One of the more annoying questions I ask on forums, in playtests, and in real life is this one:
"Has that problem come up in actual play?"
Sometimes I use a variant, like "How has that played out in your game?"
Why this gets annoying is that I bust this out early and often in discussions.
Someone: "I found this problem in GURPS that breaks the game."
Me: "Did that problem come up in actual play?"
If the answer is yes, well, let's get down to figuring out how to fix it, house rule it, change it, adjust it.
No, it hasn't?
Then I am not convinced it's a big problem.
When playtesting, when house-ruling, or when thinking about changes or non-changes to a game, I place a very high premium on actual play outcomes.
A good example of this is the Committed Attack option in GURPS Martial Arts. When the book was in development, I convinced my players to let me try out lots of the rules in actual play, on their actual characters, with results that would stand in the campaign. So we tried out Committed Attack in play.
During the alpha testing, it got used a lot by some of my NPCS (me, trying it out in play) and especially by one of the PCs (a player who thought it was awesome). During the playtest, a playtester commented that it was basically useless because it traded off too much defense for too little offense, and no one would use it. But I had actual play experience that said, yes, it's a potentially dangerous tradeoff, but sometimes that's what you need and some players will take that risk. So it stayed in unchanged. Had there been a wave of actual play results where people said, no, it never gets used, and then we tried this variation and it got used more and worked out well . . . I'd have been much more willing to tweak it or change it in some fashion. So it was "actual play" vs. "in theory." Play trumps theory, because it's a game.
Sometimes what is bad in theory - or bad for one group in play - isn't actually different from the rule's intention. At least in that case, you get what you aimed for even if not everyone wants that result.
Sometimes what happens in actual play with a rule or rules change is different than what you expected. This can be good, or bad.
The Good: Doug Cole has a great example of this, what he refers to as "emergent behavior." A set of rules meant to make grappling more realistic not only gave results in line with reality checking and actual grappling, but also with ass-kicking over-the-top movie scene grappling. It wasn't what was planned for, but it was what happened.
The Bad: The original writeup of Beat (also GURPS Martial Arts) just let you substitute ST for DX when making a Feint, and didn't require any actual contact with the defender - contact was assumed. The goal was to reflect real-world beats, and to allow people to leverage their strength to push a defender's weapon (or shield, or arm, or body) out of a good defensive line to open it up to a follow-on attack. On paper, it looked fine.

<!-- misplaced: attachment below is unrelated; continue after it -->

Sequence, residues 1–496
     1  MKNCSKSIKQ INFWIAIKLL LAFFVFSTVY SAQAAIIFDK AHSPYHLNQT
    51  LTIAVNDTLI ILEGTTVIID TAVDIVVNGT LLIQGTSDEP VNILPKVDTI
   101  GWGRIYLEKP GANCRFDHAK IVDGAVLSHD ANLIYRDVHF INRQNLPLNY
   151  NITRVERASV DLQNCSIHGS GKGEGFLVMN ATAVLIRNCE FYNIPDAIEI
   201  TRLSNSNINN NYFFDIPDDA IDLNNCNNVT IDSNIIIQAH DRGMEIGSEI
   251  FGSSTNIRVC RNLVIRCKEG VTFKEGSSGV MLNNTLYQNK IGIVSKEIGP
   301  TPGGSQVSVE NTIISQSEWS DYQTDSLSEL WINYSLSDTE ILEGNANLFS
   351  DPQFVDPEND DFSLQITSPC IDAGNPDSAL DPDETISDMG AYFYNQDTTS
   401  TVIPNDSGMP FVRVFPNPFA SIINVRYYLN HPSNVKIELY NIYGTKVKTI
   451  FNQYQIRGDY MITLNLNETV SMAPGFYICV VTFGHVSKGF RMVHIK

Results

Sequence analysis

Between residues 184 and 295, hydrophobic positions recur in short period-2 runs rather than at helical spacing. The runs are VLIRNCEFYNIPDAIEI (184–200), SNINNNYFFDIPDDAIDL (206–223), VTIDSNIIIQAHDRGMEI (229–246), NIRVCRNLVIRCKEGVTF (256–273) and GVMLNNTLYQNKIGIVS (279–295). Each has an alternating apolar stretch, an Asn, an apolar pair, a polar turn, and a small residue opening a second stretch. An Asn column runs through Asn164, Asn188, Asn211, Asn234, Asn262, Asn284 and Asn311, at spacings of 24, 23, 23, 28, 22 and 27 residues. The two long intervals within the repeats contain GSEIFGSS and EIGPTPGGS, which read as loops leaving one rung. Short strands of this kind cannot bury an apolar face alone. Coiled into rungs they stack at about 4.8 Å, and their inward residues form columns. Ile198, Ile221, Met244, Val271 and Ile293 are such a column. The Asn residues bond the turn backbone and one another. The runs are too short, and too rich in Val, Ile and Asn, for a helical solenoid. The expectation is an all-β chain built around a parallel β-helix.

So in my campaign we had a massive, multiple-session fight involving three pirate ships, at least 150 combatants, zombies, an ifrit, invisible weapon masters, light siege engines, sharks in the water, and magically summoned critters all over the place. One of those critters was a Dodge 15, ST 1, DX 15 flying eye monster - which was simply killed outright with a Beat followed by an Attack. Nevermind the guy couldn't have laid a finger on the critter in most circumstances - he couldn't land a telling blow because it would Dodge with ease. But mystically he could push it around physically without making contact. He did a Beat, won the ST contest by a huge margin (ST 1, it's just a flying eye), and then whacked it. It made no sense . . . but it seemed fine on paper. In actual play, broken. So it got fixed. What emerged from having this rule was strong guys using Beat to make physical contact with guys they couldn't otherwise touch and easily trashing them - not fun and probably not realistic. It needed even more revision as new versions got tried out in play and also spat out odd results or strange results, until we got the now-canonical version that does what we were trying to have it do in the first place. Again, actual play mattered a lot.
I can be really annoying with that question, but it's always worth asking about a rule. "X is broken." "Broken in play?" Sometimes what comes out of a "broken" rule in play is fun or interesting. Sometimes what comes out isn't, in fact, broken. Sometimes what comes out of a fix isn't fun or interesting, either - the law of unintended consequences doesn't care much about why you changed something.
It's a game, so actual play feedback is critical when evaluation the rules. So, almost inevitably, I ask my annoying question whenever I'm confronted with a question about a rule or a house rule. I think the answer is valuable, and not asked often enough.